German Officials Again Claim Sprouts As Source Of E. Coli Outbreak
"After days of confusion, German authorities finally concluded on Friday that an E. coli infection, which has claimed at least 29 lives, unsettled the nation and thrown European agriculture into disarray, had been caused by contaminated bean sprouts and not, as first was feared, by other produce," the New York Times reports.
Though no contaminated sprout samples could be confirmed, officials said interviews with patients and restaurants where they had eaten showed those who consumed sprouts were nine times more likely to become infected than those who did not eat them, the newspaper notes. The head of Germany's Risk Assessment Agency, Andreas Hensel, urged consumers to avoid eating sprouts but said they no longer had to avoid cucumbers, lettuce and tomatoes imported from Spain, which were originally thought to be the source of infection, according to the New York Times (Cowell, 6/10).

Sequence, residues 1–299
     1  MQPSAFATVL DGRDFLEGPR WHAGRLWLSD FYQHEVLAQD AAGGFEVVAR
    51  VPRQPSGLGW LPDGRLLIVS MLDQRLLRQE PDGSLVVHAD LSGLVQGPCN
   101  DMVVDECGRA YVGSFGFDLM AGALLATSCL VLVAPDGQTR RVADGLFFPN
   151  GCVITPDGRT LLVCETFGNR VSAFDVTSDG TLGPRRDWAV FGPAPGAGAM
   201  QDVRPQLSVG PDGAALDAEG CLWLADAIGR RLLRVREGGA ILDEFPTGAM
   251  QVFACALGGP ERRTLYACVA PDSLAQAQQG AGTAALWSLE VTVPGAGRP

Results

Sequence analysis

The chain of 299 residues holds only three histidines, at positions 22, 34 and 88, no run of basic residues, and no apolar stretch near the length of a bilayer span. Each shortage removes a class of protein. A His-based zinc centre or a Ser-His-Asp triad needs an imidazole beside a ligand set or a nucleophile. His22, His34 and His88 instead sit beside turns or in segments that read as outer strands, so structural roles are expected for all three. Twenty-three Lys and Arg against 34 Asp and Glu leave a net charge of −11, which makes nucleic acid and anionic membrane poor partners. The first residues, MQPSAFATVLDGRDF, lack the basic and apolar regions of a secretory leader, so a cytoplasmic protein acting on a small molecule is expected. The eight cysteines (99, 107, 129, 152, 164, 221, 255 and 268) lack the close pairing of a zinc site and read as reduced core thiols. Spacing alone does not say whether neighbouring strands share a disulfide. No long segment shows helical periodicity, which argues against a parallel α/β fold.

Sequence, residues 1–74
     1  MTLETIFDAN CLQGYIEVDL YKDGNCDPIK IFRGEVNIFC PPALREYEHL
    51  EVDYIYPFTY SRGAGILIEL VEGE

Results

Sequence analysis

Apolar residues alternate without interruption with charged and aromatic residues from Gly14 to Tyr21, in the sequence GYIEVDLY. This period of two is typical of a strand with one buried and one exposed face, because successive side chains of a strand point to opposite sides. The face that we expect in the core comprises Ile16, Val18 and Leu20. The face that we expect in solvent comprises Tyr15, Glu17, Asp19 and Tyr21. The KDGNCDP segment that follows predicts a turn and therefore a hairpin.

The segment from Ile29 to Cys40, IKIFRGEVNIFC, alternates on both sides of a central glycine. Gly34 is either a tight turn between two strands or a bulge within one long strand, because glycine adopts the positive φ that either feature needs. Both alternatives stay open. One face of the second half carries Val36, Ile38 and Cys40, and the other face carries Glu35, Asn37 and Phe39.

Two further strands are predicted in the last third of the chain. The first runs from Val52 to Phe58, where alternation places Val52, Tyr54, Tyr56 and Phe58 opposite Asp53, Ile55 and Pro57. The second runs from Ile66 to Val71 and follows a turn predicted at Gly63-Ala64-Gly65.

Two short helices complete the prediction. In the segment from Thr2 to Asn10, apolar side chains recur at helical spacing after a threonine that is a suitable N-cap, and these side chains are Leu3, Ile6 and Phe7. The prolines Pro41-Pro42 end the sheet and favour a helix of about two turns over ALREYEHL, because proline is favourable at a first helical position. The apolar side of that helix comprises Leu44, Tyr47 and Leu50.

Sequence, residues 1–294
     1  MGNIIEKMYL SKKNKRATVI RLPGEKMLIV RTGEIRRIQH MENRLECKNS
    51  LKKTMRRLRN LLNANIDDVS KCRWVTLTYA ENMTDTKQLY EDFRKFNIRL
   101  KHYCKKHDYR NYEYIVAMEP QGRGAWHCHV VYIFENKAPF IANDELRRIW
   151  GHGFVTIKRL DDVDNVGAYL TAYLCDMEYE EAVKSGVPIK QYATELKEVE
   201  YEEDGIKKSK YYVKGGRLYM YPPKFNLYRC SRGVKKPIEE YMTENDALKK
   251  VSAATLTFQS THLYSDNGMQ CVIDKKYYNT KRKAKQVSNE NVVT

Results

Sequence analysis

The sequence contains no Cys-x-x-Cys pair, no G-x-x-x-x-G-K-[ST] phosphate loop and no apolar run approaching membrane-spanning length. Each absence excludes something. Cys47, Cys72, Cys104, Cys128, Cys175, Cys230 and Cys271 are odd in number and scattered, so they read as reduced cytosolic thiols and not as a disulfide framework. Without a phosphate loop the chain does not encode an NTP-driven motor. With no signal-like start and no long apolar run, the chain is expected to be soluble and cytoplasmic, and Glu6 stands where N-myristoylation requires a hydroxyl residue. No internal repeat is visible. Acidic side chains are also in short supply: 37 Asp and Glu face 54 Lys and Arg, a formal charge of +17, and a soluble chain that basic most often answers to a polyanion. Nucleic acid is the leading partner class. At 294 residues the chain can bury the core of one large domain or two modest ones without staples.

Those initial warnings prompted several countries to ban vegetable imports from Spain, and Russia and some other countries have banned all vegetable imports from the EU, VOA News reports. "After heated discussions Wednesday, EU Farm Commissioner Dacian Ciolos raised his aid package offer to $306 million to help farmers recoup some of their losses from unsold vegetables because of the E. coli crisis. He had initially proposed $220 million in aid," the news service writes (6/9).